The Future of Work
As most of you will know I am not a fan of predictions or at least not relying on a predicted future state for decision making. However, there are bound to be permanent changes as a result of the virus and I don’t think it hurts to start thinking about how to position for them. I ran across this article (that I frankly don’t find particularly well written and containing some flawed conclusions) as a decent jumping off point for what I’ve been thinking about.
Fewer Employees and More Independent Contractors
When the 2018 Tax Cuts and Jobs Act was signed into law, it provided a tax break for most businesses in the way of the Qualified Business Income (or QBI as we talk about during tax season) deduction. Basically, overnight, a person could go from a W2 employee to a contractor doing the same job and pay significantly less in income taxes as a result of the deduction. There are lots of rules, but assuming you don’t make too much money, this is pretty much the case for my self-employed folks.
There are of course downsides that come along with self-employment. From a tax perspective, while you get to deduct 20% of your business income, you have to pay both sides of employment taxes which nets out somewhere around an additional 6% tax (depending on your tax bracket because a portion of employment tax is deductible).
Employers are also fans of contractors as opposed to employees for a number of reasons, but mostly because it saves them money. “Up to 25% of labor costs are in addition to earned wages — paid personal time off, health-care benefits, retirement plans and other additional costs.” With contractors they don’t have those expenses.
“Of the 160 million people employed in the U.S. in February, 65% had a full-time job and 33% had a contract job with a predetermined end. The average length of stay for full-time employment was 3.5 years and decreasing. The average assignment length for the contract category was 2-plus years and increasing. The new economy already was in place, waiting in the wings.”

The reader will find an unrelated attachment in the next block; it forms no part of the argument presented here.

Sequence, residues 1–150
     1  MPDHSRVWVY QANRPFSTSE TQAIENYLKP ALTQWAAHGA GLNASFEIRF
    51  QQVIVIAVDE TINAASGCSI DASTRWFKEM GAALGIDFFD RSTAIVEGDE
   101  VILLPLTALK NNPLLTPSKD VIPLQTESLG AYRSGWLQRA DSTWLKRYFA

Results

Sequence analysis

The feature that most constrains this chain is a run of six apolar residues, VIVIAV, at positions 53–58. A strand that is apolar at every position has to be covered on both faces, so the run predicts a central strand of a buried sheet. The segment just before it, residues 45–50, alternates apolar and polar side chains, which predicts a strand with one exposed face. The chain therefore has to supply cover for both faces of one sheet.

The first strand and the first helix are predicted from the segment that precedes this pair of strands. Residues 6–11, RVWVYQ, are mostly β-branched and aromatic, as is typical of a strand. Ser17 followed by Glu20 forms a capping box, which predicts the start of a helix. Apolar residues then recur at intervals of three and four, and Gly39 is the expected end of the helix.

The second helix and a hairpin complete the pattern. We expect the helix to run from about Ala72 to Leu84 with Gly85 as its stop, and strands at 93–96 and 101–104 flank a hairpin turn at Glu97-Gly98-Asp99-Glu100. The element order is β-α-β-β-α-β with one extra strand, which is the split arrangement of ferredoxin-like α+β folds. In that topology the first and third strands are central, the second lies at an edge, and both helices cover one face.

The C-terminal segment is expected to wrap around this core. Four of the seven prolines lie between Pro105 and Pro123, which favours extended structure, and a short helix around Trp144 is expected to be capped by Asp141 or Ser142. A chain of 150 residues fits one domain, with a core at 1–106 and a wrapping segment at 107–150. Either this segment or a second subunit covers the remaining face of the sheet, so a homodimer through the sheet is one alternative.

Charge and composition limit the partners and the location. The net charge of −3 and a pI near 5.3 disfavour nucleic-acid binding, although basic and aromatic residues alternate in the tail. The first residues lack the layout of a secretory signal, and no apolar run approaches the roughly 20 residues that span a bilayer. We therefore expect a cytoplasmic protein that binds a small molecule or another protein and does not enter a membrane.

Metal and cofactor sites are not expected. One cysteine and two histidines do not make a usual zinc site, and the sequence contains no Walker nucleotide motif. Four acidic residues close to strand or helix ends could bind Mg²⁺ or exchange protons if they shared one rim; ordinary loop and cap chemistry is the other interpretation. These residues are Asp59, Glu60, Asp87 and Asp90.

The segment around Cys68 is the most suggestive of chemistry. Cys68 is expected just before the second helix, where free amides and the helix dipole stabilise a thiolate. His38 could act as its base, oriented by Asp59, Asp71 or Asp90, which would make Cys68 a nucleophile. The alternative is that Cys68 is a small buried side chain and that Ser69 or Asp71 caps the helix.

There are no paid days off and things like health insurance are very expensive to replace if you don’t have a spouse with a group plan, but being self-employed does setup some interesting options for retirement planning and controlling your tax rate through careful tax planning.
All in, the shift from employee to contractor could be a win-win for both worker and company therefore a trend we are likely to see going forward.
A Dramatic Reduction in Facilities Budgets for Companies
“A recent study concluded that up to 40% of all jobs can be performed at home, while before the pandemic, it was estimated that only 3% actually could be done remotely.”
“This (work from home) trend was already afoot before the pandemic, but it was largely an opt-in lifestyle choice or confined mainly to the blue-collar service industry. When it came to white-collar and professional jobs, it was still the rare exception rather than the rule.”
With the pandemic having demonstrated that many companies can function as usual with remote employment, I expect working from home to expand so companies can reduce a significant line item on their budget in terms of facilities expense. This will be particularly helpful in expensive real estate markets like New York City and San Francisco.
Another benefit of this work from home trend is that companies won’t be limited to paying salaries in a particular locale. “If an employee can live in Flagstaff, Arizona, or Kennebunkport, Maine, a company would no longer need to pay for San Francisco or New York costs of living.” This may allow them to further reduce their cost of labor in addition to turning their workforces to contractors.